A founding member of Zuckerman Spaeder in 1975, Taylor’s biography notes that he’s known for his “creative motions,” which have been on full display throughout the Blankenship trial, Taylor has been methodical and unafraid to raise objections. His opening statement lasted more than 90 minutes. While he has personally cross-examined five government witnesses, none was more important than Taylor’s five-day questioning of Blanchard.

Taylor frequently delayed asking U.S. District Judge Irene Berger to admit exhibits into evidence. It was unclear if the tactic was purposeful or part of an attempt to charm the jury. At several points during his interactions with Blanchard, Taylor — who at times has a pronounced Southern accent — stood with his arms crossed as he occasionally stepped away from a podium and looked directly at the jury as he prodded at one the government’s key witnesses.

In addition to Strauss-Kahn, Taylor has a long list of high-profile clients.

In the early 1990s, Taylor helped U.S. Sen. Alan Cranston, D-Calif., during the federal government’s ethics proceedings after the savings and loan crisis prompted by the collapse of Lincoln Savings and Loan. Cranston was one of the “Keating Five,” U.S. senators who were accused of improperly intervening on behalf of Lincoln’s chairman, Charles Keating.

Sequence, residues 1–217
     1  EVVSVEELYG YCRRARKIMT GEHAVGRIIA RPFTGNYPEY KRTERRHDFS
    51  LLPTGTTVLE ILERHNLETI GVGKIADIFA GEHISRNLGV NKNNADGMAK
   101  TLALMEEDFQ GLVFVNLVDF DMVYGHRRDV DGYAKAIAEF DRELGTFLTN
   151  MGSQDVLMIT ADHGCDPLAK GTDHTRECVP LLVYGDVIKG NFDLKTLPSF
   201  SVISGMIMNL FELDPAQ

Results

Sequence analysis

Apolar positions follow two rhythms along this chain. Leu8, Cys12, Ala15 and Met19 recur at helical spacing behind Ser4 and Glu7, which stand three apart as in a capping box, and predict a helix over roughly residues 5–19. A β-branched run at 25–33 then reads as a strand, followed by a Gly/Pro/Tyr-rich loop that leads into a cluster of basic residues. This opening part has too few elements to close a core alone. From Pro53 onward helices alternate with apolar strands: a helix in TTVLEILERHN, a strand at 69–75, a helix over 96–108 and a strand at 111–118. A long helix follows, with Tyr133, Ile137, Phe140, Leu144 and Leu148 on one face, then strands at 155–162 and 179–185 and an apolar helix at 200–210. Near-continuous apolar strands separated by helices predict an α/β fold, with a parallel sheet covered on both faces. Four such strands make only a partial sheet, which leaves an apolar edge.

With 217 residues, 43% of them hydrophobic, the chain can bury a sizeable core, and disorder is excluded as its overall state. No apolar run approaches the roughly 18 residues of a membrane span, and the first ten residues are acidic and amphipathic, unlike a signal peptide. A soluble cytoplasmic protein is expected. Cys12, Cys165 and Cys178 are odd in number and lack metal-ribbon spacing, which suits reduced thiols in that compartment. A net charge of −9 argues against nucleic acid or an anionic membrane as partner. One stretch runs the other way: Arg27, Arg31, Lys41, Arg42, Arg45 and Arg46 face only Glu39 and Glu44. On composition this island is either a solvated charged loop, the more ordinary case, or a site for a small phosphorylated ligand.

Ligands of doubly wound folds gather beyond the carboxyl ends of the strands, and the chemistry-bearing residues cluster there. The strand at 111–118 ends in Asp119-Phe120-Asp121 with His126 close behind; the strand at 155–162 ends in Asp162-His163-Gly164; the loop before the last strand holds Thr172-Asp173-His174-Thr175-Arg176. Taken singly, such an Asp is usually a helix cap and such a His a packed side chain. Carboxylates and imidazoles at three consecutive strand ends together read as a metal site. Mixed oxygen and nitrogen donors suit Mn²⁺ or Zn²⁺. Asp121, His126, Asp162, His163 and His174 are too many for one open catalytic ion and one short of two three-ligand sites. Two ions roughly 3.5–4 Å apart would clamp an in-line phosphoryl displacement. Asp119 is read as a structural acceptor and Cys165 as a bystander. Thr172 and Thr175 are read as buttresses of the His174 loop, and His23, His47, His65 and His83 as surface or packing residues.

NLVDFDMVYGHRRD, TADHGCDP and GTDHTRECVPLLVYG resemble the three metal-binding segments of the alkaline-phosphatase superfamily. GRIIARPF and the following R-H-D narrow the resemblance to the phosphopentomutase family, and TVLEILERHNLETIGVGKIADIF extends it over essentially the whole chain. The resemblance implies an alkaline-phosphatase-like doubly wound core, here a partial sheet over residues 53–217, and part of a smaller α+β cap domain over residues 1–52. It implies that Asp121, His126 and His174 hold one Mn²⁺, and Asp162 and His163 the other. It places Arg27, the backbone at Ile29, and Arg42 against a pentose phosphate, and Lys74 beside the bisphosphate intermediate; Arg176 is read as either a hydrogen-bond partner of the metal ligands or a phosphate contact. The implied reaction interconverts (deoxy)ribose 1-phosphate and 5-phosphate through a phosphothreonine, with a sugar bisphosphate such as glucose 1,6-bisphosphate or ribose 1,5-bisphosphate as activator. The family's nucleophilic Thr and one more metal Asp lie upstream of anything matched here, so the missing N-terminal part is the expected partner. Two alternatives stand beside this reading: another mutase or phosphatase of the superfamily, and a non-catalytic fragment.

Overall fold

After that, Taylor represented Mack McLarty, President Bill Clinton’s chief of staff, who was investigated for his involvement in the Whitewater scandal.

More recently, Taylor was hired to represent Wal-Mart Vice President Thomas Coughlin, who pleaded guilty to wire fraud and tax evasion in 2006, after misappropriating between $100,000 and $500,000 in corporate funds through fraudulent reimbursements and improper use of Wal-Mart gift cards.

The same year, Taylor was the lead attorney representing Milberg Weiss Bershad & Schulman, a high-profile law firm accused of conspiring to pay $11 million out of legal fees to people who agreed to be named plaintiffs in cases against major corporations, including Enron and WorldCom.

Fortune magazine once called Milberg Weiss “America’s meanest law firm,” noting that the firm boasted of collecting $45 billion for “cheated investors” since 1965. The firm agreed to pay $75 million to settle the charges against it, and four of the firm’s leaders went to prison.